• The last vamp whose mind I read was convinced it was a treasure hunt.

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    0
  • Whose head isn't in the game now?

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    0
  • Just the lone Guardian whose mission there was as hidden to the boy-god as the Original Being's.

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    0
  • This was Darian, not the shell of a man whose mind was stuck somewhere else.

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    0
  • Her heart still hurt for her brother, whose road was dark and lonely.

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    0
  • Her gaze returned to Sofi, whose body was under distress.

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    0
  • But as a mortal, she'd tire faster than Claire, whose magic would continue to feed off the surroundings to keep her energized.

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    0
  • Jenn looked from the next guardsman to the Other whose lightning lit up its hands.

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    0
  • There were a great many children whose cheerful voices and tiny forms darted by him several times.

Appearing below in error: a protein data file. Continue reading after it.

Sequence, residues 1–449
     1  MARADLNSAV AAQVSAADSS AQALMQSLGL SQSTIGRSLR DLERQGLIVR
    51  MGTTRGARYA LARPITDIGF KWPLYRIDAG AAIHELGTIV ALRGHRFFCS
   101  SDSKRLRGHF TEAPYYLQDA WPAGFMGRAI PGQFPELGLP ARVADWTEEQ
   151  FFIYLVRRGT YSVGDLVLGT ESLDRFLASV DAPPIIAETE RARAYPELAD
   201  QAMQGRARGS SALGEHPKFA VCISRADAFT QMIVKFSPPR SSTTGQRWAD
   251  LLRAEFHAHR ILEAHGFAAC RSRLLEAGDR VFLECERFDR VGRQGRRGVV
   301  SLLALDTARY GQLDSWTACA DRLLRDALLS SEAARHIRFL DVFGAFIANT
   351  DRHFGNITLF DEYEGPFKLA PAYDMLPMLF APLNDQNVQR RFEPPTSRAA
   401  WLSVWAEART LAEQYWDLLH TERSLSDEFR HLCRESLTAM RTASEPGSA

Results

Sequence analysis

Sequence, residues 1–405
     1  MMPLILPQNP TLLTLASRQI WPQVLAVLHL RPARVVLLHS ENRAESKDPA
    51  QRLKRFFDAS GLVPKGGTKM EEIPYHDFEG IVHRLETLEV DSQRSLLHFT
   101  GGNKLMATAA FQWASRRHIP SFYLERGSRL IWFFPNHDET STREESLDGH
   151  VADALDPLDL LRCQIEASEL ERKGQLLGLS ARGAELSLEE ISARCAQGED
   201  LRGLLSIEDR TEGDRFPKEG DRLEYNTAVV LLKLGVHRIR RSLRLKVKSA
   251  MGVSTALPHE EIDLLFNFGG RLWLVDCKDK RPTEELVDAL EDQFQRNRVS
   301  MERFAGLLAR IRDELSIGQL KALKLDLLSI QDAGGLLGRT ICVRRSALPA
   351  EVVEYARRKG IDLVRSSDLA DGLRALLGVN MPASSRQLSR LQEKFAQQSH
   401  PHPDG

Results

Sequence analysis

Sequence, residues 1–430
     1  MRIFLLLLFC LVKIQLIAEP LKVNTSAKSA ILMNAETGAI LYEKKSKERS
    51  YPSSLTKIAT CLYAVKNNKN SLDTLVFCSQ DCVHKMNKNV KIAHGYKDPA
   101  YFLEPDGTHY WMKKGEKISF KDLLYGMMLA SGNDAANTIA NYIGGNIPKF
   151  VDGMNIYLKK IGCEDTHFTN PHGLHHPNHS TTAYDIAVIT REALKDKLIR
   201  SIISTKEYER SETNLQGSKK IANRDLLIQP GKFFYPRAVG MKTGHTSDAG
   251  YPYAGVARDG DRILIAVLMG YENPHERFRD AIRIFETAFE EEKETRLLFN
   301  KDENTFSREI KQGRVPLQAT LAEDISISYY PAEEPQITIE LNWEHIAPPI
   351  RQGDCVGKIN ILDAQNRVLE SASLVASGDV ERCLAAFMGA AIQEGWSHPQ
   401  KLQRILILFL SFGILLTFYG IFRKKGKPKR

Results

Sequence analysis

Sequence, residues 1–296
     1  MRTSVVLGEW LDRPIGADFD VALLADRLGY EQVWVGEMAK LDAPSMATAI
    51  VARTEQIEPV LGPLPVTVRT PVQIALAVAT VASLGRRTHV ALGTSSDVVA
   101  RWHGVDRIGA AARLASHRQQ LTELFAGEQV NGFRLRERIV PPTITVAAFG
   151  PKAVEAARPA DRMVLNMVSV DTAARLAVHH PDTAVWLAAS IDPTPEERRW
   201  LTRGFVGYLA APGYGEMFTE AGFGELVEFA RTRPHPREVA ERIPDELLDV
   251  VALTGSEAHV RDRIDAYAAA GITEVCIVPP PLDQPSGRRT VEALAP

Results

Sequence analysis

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    0
  • Three guards surrounded Rissa, whose writhing, squealing horse was as much of a menace to her as the attackers flooding from the forest.

    0
    0
  • "I haven't decided whose side you're on," she admitted.

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    0
  • Allin glanced at the man beside him, whose frown seemed permanent.

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    0
  • There were two smaller kingdoms whose territories overlapped in between.

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    0
  • "You forget in whose hands your life lies," he warned.

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    0